From halting angry elephants to training other guides, life in Botswana is non-stop for Grant Reed, Director of Letaka Safaris and the Okavango Guiding School
When did your love of wildlife begin?
My father was a senior honorary ranger for the Wildlife Society of Southern Africa. After my fifth birthday he’d let me be his ‘back-up’ guide on trail. I’d carry some bits and pieces in my rucksack and strap a knife to my belt. From that day onwards I always wanted to study conservation and be a guide.
How did your family come to live in Botswana?
My dream was to be a trail guide in Kruger but, just before my induction, the government implemented the policy of Affirmative Action, which effectively froze such positions to white South Africans for at least ten years. I’d always begged my father to take me to the Okavango but it was difficult for South Africans. In the same week Affirmative Action came in, a student in Kruger told me there was a vacancy with a mobile safari company in Botswana. Within the week I drove out of Kruger, crossed the Limpopo and never looked south again.
Why did you set up your safari operation there?
I’ve had the privilege to see many parts of Africa and no other place has such an amazing mix of unspoilt wilderness and phenomenal wildlife.
What makes Letaka different to other safaris?
The guides. On safari, your guide is everything. Having the same guide for a ten day wilderness adventure is one of the unique aspects of mobile safaris – the guide can gradually unveil nature’s secrets and build a wonderful story.
What’s so special about mobile camping?
The intimacy with nature. There are no large structures, generators, airstrips or other disturbances that repel animals. We’re not standing on a deck presiding over the wilderness; we’re at one with nature and feel truly part of it.
Which is your favorite area of Botswana?
If I was choosing for my guests I’d pick Khwai because of the remarkable wildlife and the combination of Okavango Delta landscape and typical African savannah. For myself, I’d pick Cwikumba Pans in eastern Chobe. Few people go there so the wildlife is very skittish but my first love is the tranquillity of being away from everyone else.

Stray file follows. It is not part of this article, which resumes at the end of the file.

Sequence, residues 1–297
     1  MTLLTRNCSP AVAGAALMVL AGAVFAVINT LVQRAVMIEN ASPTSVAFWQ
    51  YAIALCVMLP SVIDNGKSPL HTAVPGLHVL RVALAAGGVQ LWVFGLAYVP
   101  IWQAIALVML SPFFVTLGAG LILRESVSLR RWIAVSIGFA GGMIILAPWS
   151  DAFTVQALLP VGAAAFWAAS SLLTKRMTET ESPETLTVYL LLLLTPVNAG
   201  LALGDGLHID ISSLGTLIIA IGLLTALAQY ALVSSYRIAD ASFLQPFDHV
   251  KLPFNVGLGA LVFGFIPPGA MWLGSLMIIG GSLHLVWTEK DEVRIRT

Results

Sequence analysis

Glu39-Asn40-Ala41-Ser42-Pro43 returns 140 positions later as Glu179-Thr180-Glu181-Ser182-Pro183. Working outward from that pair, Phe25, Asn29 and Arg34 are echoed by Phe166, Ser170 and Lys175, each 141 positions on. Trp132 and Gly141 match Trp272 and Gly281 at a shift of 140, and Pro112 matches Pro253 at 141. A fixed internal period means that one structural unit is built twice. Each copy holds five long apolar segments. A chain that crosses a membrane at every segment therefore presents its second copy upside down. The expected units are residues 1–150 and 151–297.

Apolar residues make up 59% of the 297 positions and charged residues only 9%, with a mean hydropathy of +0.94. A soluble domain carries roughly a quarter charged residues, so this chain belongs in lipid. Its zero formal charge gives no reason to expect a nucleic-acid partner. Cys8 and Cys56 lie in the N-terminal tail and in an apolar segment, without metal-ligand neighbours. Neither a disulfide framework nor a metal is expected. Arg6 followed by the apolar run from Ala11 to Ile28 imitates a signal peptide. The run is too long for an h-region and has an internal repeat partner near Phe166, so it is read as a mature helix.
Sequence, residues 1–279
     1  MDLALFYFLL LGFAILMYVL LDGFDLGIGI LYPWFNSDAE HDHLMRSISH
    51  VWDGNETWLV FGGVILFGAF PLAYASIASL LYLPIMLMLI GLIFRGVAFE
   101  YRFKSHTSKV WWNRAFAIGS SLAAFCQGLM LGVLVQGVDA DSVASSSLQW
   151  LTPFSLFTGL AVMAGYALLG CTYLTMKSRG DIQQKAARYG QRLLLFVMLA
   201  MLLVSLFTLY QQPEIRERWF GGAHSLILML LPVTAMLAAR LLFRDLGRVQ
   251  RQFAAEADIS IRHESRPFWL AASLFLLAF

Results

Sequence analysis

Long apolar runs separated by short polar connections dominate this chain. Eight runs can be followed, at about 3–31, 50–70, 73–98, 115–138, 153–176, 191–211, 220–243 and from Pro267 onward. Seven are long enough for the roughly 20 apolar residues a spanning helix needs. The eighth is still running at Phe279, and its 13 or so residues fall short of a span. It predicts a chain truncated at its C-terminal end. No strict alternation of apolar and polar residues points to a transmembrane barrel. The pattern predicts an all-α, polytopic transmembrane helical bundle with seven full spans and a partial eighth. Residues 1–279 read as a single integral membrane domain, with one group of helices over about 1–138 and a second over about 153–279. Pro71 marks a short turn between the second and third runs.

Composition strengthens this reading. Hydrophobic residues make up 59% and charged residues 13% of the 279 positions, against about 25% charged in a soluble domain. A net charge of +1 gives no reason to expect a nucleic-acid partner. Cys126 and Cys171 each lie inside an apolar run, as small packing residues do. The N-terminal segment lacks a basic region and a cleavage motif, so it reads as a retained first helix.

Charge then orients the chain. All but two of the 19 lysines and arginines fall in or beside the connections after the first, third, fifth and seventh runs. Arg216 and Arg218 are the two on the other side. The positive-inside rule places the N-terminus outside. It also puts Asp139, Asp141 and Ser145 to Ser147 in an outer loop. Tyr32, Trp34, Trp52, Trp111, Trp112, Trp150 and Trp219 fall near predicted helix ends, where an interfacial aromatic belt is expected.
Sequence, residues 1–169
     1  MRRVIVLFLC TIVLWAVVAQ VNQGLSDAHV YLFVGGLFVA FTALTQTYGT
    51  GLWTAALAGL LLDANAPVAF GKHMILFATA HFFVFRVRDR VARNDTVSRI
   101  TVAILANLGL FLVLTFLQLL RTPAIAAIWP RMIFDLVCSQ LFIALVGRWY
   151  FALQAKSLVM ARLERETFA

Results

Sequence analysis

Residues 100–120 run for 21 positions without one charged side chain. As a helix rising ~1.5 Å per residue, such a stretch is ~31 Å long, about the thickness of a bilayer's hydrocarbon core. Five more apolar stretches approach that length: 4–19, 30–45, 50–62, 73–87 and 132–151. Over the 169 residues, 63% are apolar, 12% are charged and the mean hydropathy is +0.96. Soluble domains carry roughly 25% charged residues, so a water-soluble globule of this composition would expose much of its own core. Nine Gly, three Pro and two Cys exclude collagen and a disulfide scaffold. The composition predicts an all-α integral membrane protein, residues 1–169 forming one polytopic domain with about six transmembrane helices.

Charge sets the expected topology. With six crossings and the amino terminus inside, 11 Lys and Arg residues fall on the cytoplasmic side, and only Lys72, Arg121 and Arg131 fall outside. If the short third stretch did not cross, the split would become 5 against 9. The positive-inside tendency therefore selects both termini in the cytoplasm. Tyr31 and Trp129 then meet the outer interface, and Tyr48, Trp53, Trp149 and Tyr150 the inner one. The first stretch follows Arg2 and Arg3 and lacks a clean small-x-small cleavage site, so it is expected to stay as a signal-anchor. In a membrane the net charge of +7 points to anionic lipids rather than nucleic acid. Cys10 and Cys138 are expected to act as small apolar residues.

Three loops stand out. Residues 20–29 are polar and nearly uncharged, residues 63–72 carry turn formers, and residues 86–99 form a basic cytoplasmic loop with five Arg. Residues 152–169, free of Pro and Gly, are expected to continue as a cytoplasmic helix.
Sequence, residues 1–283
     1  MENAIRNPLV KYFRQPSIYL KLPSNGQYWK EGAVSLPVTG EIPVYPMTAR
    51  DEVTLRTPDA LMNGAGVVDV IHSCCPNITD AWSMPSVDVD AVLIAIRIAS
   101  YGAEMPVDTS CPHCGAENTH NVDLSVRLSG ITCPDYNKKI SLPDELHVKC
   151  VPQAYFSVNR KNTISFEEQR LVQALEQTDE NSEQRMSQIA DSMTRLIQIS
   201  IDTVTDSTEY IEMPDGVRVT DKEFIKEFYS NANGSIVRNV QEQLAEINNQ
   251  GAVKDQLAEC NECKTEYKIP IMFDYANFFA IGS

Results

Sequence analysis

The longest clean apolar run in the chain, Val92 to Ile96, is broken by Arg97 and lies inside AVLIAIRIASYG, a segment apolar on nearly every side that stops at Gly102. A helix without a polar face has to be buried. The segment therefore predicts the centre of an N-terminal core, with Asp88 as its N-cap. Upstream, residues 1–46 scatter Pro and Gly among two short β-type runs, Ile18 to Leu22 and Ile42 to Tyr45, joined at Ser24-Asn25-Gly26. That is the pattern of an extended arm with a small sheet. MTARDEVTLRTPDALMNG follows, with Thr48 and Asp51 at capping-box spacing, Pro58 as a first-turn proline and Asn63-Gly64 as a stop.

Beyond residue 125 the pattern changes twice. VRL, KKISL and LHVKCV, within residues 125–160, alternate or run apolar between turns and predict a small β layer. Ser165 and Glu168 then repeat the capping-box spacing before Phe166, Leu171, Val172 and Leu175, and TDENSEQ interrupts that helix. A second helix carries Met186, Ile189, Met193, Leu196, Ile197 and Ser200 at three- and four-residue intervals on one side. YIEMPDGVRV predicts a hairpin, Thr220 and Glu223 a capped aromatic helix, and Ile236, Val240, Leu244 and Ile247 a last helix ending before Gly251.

What is the most unusual sighting that you’ve had?
If we exclude the family of Mozambican refugees that I found seeking refuge from a pride of lions in a tree, it was a leopard stalking and killing a crocodile. As a man in my 20s, I was convinced I would be retired by the time the leopard completed his stalk.
Why did you set up the Okavango Guiding School?
In Kruger National Park I was privileged to do my weapons training with the late, legendary Bruce Bryden. Many years later I was out with a research group who were fitting tracking collars to lions when we were charged by angry elephants. My guide training instantly kicked in and I was able to avert what could have been a dangerous incident. I decided there and then that one day I wanted to do that for other guides. A week later I registered the Okavango Guiding School.
What do you enjoy the most about guiding?
The awe people express at the beauty and the brutality of the wilderness. And watching the ‘light go on’ when they begin to understand the ecological interactions of the various species with each other and their environment.
What does the future hold for tourism in Botswana?
The future in Botswana is great as long as the government maintains a policy of low volume tourism.
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